TIME Parenting

Why It’s So Hard to Talk to Our Daughters About Campus Rape

Susanna Schrobsdorff is an Assistant Managing Editor at TIME. Previously, she was the Editorial Director for Newsweek Digital. She is the winner of a New York Press Club award for Outstanding Web Coverage and three Front Page Awards for cultural commentary and interactive journalism.

We tell our girls that they can do anything boys can. But what if that's not exactly true?

I have two teenage daughters, which means I live in a household of head-snapping contradictions. Everything you’ve heard about adolescent girls is true, and not true. They are in equal parts infuriating and beguiling, full of arrogance and certainty one minute, crumpled by insecurity the next. And just when you think you’ve accidentally raised judgmental mean girls, they do something so kind, so empathetic (like help you change their demented grandfather’s sheets without a word of complaint), that the memory of it sustains you through a whole month of snark.

One day they go into their bedrooms all gangly and tweeny and come out looking like women. This is to be expected, yet we are not prepared for the way the world looks at them in the wake of that transformation. After one daughter’s middle-school graduation, she strode down the street in her new heels and with her new curves, plowing ahead of us without looking back. It was all I could do not to follow her waving my arms yelling, “I know she doesn’t look it, but she’s only 14!”

Now she’s 17 and applying to college. I have to let her disappear around that corner on her own. This is never easy for parents, but perhaps it’s even less so these days. She’s busy imagining who she’ll be when she’s living among her peers, on a campus somewhere that is not here. Meanwhile, I’m unable to stop reading the headlines about sexual assault and bungled rape investigations at some of the best universities in the country.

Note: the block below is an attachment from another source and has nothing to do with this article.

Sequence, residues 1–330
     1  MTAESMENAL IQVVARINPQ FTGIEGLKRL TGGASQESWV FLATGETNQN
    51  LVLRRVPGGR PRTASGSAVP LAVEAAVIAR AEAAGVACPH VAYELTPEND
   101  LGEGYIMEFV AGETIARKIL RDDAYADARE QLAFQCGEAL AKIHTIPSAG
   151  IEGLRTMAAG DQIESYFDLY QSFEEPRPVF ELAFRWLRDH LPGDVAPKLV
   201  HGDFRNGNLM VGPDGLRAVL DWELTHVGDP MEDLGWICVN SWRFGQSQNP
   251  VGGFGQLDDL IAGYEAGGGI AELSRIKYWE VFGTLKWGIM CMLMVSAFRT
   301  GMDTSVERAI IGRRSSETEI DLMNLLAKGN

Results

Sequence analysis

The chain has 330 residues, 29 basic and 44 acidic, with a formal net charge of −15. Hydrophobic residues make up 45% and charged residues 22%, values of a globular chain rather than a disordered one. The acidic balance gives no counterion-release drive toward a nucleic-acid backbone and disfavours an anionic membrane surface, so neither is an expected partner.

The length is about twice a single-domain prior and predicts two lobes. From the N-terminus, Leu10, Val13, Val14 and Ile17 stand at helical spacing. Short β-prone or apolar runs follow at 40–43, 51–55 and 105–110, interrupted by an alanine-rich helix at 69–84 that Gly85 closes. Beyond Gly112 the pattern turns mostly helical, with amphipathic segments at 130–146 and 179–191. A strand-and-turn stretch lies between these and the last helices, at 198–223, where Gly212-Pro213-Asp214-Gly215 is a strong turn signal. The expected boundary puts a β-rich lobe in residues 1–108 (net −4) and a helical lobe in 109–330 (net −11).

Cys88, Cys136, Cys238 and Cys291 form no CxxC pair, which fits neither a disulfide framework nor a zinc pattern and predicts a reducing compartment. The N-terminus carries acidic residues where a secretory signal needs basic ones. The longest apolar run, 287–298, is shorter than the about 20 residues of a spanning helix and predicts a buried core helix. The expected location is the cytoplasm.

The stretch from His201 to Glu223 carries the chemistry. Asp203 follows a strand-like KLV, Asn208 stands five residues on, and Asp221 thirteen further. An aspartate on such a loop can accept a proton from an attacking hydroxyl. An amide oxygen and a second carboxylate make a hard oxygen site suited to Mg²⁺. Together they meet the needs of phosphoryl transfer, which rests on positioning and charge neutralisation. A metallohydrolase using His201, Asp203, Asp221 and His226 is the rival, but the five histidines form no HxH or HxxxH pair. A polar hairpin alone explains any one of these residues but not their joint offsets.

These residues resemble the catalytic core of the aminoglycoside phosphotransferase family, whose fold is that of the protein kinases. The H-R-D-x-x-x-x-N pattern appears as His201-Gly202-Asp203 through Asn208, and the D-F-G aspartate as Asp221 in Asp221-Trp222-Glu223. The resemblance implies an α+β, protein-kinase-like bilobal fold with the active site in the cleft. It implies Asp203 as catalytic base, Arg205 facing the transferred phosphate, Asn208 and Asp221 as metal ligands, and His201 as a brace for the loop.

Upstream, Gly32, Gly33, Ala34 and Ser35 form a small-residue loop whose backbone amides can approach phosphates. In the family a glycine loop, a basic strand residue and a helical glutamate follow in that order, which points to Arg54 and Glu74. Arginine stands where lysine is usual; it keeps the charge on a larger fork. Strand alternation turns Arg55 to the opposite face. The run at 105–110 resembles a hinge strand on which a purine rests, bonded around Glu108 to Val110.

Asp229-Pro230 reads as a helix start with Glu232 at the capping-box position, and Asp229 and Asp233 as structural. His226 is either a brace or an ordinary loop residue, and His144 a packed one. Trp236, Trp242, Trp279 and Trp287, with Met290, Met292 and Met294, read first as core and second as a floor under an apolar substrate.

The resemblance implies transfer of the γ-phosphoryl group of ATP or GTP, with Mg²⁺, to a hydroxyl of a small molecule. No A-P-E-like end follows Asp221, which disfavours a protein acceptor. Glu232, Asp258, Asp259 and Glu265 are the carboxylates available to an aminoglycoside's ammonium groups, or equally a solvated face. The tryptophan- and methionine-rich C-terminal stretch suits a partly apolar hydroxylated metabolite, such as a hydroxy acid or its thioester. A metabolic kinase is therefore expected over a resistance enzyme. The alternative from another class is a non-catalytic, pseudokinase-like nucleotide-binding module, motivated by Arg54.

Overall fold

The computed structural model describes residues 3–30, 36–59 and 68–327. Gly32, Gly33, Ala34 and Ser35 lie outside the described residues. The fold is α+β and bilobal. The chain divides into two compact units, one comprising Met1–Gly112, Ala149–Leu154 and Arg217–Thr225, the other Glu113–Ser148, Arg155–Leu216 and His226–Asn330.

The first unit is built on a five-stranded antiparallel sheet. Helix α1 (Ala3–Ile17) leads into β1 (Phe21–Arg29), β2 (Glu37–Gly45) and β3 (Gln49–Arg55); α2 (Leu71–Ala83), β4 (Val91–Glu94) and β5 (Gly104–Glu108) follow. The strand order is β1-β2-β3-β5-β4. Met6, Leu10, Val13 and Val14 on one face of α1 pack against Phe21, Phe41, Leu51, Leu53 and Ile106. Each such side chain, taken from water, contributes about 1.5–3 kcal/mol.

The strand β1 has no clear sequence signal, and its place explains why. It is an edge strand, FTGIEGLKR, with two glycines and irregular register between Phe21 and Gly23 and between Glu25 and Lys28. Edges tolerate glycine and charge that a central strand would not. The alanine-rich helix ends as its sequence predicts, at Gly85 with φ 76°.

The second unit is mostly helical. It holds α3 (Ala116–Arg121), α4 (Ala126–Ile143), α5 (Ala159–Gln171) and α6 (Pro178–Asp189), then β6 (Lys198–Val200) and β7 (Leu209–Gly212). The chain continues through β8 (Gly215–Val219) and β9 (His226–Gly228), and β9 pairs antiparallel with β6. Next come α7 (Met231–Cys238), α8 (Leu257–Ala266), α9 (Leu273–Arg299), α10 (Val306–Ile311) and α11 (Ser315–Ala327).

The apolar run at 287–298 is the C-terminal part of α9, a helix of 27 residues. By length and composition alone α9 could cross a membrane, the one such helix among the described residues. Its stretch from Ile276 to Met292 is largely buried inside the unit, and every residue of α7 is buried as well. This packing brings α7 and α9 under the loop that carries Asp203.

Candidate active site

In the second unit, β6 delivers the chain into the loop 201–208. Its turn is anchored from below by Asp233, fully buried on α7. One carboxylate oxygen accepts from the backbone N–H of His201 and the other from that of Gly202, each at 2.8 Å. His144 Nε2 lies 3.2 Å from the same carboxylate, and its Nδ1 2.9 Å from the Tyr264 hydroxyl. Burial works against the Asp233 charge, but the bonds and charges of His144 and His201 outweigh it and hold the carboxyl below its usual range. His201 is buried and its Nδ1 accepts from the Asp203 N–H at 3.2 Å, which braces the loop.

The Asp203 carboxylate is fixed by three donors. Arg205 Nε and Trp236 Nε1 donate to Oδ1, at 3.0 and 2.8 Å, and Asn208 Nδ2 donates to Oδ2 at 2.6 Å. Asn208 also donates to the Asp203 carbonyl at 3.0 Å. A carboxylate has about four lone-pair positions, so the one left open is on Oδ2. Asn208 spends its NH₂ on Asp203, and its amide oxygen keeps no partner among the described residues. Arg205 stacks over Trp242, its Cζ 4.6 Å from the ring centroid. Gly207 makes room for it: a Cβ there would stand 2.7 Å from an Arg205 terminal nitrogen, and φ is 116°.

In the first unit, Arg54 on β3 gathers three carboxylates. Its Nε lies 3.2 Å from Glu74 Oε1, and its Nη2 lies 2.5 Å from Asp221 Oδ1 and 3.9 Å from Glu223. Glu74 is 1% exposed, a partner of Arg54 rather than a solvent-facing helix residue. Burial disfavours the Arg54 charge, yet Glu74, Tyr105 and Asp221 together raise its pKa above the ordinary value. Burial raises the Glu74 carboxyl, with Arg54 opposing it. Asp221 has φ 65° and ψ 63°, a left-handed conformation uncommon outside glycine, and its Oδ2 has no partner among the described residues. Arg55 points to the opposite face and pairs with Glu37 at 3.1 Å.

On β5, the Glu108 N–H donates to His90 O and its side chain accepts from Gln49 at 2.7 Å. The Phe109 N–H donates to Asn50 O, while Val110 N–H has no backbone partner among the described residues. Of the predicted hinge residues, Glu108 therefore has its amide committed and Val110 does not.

In late January, I couldn’t escape the accusations that a group of football players had raped an unconscious neuroscience major at Vanderbilt University. At a trial for two of them, the lawyer for one of the accused said his client’s judgment was distorted by a campus culture in which drunken sex was prevalent.

Just the fact that this case wasn’t swept under the rug is encouraging. New federal mandates that aim to reform the way universities handle sexual-assault cases represent huge progress. And sure, the stats on how pervasive the problem is are still being debated, but the awful stories keep coming. So while I might have worried more about pregnancy, now the specter of assault looms larger. How do I talk to my college-bound daughter about that?

The irony is that while we’ve always warned our little girls about strangers, the numbers say that if our college-age daughters are assaulted, it will likely be by someone they know. And like a lot of mothers, I’ve spent years telling my girls that they can do anything a boy can, that they can rely on their smarts above all and that they should never be ashamed of their bodies. But that’s not exactly true. No, girls can’t get drunk like guys can at a party, not without compromising their safety. And yes, girls are more vulnerable, physically and in other ways. Accusations of promiscuity can still damage a woman to an extent that many men can hardly fathom. Just ask that Vanderbilt student, now a Ph.D. candidate. Her alleged assailants took humiliating photos of her during the attack.

It’s not fair, but it’s reality. I realize that I need to have some version of the talk that so many African-American parents have with their sons about being careful of what they wear and how they behave so as not to put themselves in danger. To our girls we say, be brave, take risks. But internally we want them to do whatever it takes to stay safe. We say, be proud of your beauty. Yet we fear that showing it off will make them a target.

It’s a thicket of contradictions and hypocrisy–as my daughters are quick to inform me when I dare suggest maybe they put on a jacket over that strappy top. But I can’t help offering some advice as I watch one prepare to walk out the door: